How to Combat Seasonal Affective Disorder

Eileen Bailey Health Guide
  • When the weather gets colder and the days get shorter, your mood can change. Seasonal affective disorder (SAD) is "episodes of depression that occur at a certain time of the year, usually in the winter." [1] Women are affected by SAD more often than men and those living in areas that have longer winter nights are more at risk. Genes and hormones may also play a role. Expert Terry Matlen explained that individuals with ADHD may also be at a higher risk of developing symptoms of SAD.

     

    Symptoms of Seasonal Affective Disorder

     

    For many with SAD, symptoms begin in the autumn, as days start to get longer and continue throughout the winter. According to the National Institutes of Health, symptoms include:

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    • Weight gain and increased appetite
    • Sleepiness and sleeping longer hours
    • Lack of focus or ability to concentrate, especially in the afternoon
    • Decreased energy
    • Withdrawing from social activities
    • General feeling of unhappiness
    • Irritability

    As spring approaches, days become longer and you are exposed to longer periods of natural light, symptoms tend to disappear.

     

    Treatment

     

    Treatment for SAD is similar to that for other types of depression, including anti-depressant medication and therapy.

     

    Additionally, light-therapy, using a special lamp that mimics sunlight, helps many people. If you are considering light therapy, you should speak with your doctor and learn how to use the light box. Some people may experience headaches or eye strain using this type of therapy and those with bipolar may find it can trigger manic episodes. If you are on any medications, you should let your doctor know before starting light therapy as certain medications can cause light sensitivity and you may not be able to use this type of treatment while on these drugs.

     

    Lifestyle Changes to Help Combat Seasonal Affective Disorder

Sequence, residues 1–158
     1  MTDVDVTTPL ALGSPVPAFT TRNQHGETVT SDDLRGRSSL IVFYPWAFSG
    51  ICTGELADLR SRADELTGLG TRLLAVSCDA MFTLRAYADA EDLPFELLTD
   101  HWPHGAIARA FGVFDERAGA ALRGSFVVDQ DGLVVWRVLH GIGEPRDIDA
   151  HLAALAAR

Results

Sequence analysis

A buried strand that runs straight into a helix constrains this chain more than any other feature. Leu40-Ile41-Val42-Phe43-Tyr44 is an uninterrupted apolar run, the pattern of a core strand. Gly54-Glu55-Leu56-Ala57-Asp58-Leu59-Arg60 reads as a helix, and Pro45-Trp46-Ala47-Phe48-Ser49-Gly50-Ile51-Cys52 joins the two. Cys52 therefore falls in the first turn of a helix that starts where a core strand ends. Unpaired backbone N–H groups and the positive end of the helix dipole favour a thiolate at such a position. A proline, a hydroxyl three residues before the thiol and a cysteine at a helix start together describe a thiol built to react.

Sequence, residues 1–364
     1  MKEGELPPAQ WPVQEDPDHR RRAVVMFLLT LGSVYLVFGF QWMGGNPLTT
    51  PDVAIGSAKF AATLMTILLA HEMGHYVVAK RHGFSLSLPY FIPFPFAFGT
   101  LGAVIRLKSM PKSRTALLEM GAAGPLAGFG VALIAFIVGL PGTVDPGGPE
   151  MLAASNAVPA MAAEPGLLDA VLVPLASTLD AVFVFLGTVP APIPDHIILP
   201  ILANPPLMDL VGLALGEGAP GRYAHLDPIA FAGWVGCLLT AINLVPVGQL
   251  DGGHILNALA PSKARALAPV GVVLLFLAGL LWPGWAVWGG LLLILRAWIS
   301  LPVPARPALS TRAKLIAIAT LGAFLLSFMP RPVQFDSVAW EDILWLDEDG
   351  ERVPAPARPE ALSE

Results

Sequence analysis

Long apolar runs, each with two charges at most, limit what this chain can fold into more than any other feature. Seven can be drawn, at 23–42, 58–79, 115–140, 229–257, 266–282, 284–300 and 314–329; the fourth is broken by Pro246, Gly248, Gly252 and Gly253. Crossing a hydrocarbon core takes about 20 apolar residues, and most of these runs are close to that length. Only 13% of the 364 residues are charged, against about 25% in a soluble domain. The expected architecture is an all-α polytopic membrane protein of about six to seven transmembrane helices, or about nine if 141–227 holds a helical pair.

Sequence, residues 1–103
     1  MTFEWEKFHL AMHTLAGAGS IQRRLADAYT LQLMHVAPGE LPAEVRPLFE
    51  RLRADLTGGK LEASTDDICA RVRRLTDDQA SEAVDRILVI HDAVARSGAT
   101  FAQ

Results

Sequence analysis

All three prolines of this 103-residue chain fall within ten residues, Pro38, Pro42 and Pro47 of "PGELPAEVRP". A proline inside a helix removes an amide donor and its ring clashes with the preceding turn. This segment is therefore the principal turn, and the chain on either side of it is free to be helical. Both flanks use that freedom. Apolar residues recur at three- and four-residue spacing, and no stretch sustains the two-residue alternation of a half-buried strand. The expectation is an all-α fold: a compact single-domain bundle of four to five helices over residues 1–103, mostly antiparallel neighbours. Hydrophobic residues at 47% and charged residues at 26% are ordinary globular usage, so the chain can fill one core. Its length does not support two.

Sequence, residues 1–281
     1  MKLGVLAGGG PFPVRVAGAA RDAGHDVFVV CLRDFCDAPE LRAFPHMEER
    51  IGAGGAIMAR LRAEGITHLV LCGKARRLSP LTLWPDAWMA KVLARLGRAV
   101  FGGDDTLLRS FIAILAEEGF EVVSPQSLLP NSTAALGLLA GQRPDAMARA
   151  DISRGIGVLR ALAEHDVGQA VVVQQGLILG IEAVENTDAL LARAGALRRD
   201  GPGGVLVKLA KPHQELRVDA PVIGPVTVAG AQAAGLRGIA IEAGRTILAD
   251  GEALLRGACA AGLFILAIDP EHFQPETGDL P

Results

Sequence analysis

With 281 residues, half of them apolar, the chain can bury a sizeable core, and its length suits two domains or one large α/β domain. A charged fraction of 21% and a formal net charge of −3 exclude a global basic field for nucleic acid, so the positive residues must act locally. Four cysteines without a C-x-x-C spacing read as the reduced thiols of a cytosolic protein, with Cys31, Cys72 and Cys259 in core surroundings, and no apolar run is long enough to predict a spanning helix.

While the previous medical treatments can be used to help lessen symptoms of SAD, there are also some lifestyle changes you can make to help decrease your feelings of depression and lethargy.

     

    Exercise - Including exercise in your daily routine has been shown to help reduce depression, anxiety and symptoms of ADHD. It helps with SAD as well. Exercising outdoors is even more beneficial.

     

    Spending time outdoors - Even in the cold weather, try to spend some time outdoors, in natural sunlight.

     

    Pay attention to your eating habits - One of the symptoms of SAD is increased appetite and weight gain, as opposed to other forms of depression which can cause decreased appetite. With SAD you may find yourself snacking more often on junk foods. Instead, keep healthy snacks in your house, such as fresh vegetables, berries, nuts and foods made with whole grains. Eating the proper foods and keeping your weight steady may help you feel better.

     

    Avoid alcohol - There is a strong link between alcohol and depression. During the winter months when you are feeling down, avoid drinking alcohol. Even one drink can leave you feeling down.

     

    Choose to be near a window - To increase your exposure to natural light, keep curtains and blinds open and sit near windows when on public transportation, at home, when exercising and, if possible, at work. Trim back any branches from trees or bushes that may be blocking the natural sunlight.

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    Participate in social activities - Although you may have less motivation to go out and "join in the fun" it is important to actively participate in social functions. Try to plan going out at least once a week.

     

    Follow a normal sleep schedule - As with many types of depression, you may feel sleepy, fatigued and be tempted to increase your sleep, taking naps during the day. However, keeping a regular sleep schedule, going to bed at the same time, getting up at the same time, can help. Avoid taking naps during the day as this can cause disruptions in your night-time sleep.

     

    References:

     

    [1] "Seasonal Affective Disorder," Updated 2011, March 6, Updated by Linda J. Vorvick, M.D., A.D.A.M. Health Encyclopedia, National Institutes of Health Website

     

    "Seasonal Affective Disorder," 2009, September 24, CNN.com

     

Published On: November 28, 2011